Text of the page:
(x-rays, local anesthesia, sedation and more)
Both x-rays and novocaine (and other drugs used for local anesthesia, such as bupivacaine and lidocaine) are considered to be compatible with breastfeeding.
Most medications used for oral and IV sedation are considered compatible with breastfeeding.
Nitrous oxide (laughing gas) sedation is also considered to be compatible with breastfeeding. It is virtually insoluble in the bloodstream, which means it goes from your brain to your lungs to the room air immediately after you stop breathing it in. Per Hale, “it is rapidly eliminated from the body due to rapid exchange with nitrogen via the pulmonary alveoli (within minutes). A rapid recovery generally occurs within 3-5 minutes… Ingestion of nitrous oxide orally via milk is unlikely.” See Conscious Sedation for more information.
A mother who has wisdom tooth surgery should not need to interrupt breastfeeding at all (except during the surgery, of course). To minimize baby’s exposure (and increase mom’s comfort), mom can nurse just before she goes in for the procedure. There is no need to wait on breastfeeding afterwards or to pump and dump — mom can nurse as soon as she feels alert enough to hold baby. See Breastfeeding when mom has surgery for more information on breastfeeding and general anesthesia.
Now infants can get
all their vitamin D
from their mothers’ milk;
no drops needed with
TheraNatal Lactation Complete
There are many pain medications compatible with breastfeeding. See How do I determine if a medication is safe for a breastfeeding mother? for more information.
- Conscious Sedation and Breastfeeding: Recommendations for Patients by Maurenne Griese, RNC, BSN
- Anesthetic medications and breastfeeding
- Breastfeeding when mom has surgery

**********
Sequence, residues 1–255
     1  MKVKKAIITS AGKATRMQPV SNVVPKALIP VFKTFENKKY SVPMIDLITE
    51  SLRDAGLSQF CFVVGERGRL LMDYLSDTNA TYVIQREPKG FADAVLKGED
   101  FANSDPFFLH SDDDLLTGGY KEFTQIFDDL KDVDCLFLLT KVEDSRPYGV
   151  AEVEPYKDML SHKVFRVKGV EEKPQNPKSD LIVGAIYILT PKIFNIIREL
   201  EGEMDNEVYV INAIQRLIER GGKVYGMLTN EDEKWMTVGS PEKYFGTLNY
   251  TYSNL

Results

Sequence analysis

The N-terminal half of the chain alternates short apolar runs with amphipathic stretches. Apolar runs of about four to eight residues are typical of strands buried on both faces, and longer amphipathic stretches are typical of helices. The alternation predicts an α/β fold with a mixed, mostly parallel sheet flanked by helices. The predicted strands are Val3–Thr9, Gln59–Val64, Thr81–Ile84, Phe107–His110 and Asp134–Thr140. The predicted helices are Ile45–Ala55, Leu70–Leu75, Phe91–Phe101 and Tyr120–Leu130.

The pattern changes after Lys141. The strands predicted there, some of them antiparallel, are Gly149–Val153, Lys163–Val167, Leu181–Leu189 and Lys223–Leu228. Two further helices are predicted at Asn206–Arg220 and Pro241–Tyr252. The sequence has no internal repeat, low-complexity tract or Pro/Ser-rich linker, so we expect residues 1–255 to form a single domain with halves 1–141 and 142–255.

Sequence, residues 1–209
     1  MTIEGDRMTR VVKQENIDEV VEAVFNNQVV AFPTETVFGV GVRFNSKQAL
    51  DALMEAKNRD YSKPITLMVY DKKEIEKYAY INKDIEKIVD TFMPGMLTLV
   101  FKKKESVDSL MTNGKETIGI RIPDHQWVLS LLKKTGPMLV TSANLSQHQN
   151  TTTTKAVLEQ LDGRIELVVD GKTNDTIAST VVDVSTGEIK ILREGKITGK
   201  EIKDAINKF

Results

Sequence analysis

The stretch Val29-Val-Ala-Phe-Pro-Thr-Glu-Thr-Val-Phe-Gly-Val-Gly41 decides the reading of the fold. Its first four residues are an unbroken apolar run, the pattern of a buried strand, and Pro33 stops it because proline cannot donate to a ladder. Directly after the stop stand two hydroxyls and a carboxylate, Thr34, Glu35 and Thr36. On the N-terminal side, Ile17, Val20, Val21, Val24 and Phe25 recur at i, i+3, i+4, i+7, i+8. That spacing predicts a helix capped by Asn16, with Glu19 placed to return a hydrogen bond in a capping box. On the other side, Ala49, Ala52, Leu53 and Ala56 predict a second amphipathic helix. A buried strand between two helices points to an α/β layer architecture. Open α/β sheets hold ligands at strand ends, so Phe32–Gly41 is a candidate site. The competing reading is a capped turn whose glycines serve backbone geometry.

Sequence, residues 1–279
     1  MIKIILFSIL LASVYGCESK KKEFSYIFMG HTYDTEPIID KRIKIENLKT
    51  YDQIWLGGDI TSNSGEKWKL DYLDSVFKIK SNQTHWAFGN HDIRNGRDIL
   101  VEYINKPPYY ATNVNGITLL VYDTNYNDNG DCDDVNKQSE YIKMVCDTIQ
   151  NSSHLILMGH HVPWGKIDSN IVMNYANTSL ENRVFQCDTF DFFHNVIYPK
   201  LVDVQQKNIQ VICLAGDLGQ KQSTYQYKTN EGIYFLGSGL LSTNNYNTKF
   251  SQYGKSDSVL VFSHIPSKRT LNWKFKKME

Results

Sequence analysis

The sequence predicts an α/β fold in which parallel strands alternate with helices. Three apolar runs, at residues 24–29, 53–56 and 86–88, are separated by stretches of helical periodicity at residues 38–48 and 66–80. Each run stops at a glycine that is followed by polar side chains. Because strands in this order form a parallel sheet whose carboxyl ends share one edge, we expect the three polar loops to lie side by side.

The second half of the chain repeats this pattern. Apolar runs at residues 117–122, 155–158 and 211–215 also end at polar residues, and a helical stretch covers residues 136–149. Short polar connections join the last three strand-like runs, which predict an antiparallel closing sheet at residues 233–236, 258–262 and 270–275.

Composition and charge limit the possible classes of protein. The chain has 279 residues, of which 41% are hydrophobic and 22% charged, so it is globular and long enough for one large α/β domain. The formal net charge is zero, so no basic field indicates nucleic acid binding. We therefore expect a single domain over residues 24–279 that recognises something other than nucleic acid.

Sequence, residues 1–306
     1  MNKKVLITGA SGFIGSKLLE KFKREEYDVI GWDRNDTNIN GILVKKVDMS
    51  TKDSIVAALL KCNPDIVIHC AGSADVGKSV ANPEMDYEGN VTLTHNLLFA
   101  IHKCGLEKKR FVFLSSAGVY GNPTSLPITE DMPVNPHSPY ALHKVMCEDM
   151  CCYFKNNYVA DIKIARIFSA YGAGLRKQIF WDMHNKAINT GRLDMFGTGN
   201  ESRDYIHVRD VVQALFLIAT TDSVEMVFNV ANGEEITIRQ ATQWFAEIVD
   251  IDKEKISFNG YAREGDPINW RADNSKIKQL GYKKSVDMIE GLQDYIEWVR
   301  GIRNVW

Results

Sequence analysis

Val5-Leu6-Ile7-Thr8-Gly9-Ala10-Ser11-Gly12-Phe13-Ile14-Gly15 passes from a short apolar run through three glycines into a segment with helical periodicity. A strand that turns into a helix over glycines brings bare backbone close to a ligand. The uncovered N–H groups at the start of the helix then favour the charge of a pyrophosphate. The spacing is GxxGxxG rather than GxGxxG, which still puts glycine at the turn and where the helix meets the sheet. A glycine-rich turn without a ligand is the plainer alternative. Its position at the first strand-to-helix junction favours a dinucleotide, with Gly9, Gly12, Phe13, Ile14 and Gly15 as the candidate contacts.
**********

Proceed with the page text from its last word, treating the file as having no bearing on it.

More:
@ other websites
- Drug distribution in human milk: Dental Implications by Dr R.G. Woods of the Australian Dental Association, from Australian Prescriber 1997;20(2);51. This article refers to the article Drug distribution in human milk by K. F. Ilett, J. H. Kristensen, R. E. Wojnar-Horton & E. J. Begg, from Australian Prescriber 1997;20(2);35-40.
Giuliani M, Grossi GB, Pileri M, Lajolo C, Casparrini G. Could local anesthesia while breast-feeding be harmful to infants? J Pediatr Gastroenterol Nutr 2001 Feb;32(2):142-4. Conclusion: “This study suggests that even if a nursing mother undergoes dental treatment with local anesthesia using lidocaine without adrenaline, she can safely continue breastfeeding.”
Ortega D, Viviand X, Lorec AM, Gamerre M, Martin C, Bruguerolle B. Excretion of lidocaine and bupivacaine in breast milk following epidural anesthesia for cesarean delivery. Acta Anaesthesiol Scand 1999 Apr;43(4):394-7. Conclusion: “This study documents the magnitude of excreted lidocaine, bupivacaine and PPX in breast milk, and indicates that the use of both lidocaine and bupivacaine for epidural anaesthesia is safe with regard to breast-feeding.”
Lebedevs TH, Wojnar-Horton RE, Yapp P, Roberts MJ, Dusci LJ, Hackett LP, Ilett K. Excretion of lignocaine and its metabolite monoethylglycinexylidide in breast milk following its use in a dental procedure. A case report. J Clin Periodontol 1993 Sep;20(8):606-8. “Nursing mothers receiving lignocaine for standard dental procedures can be advised that continuation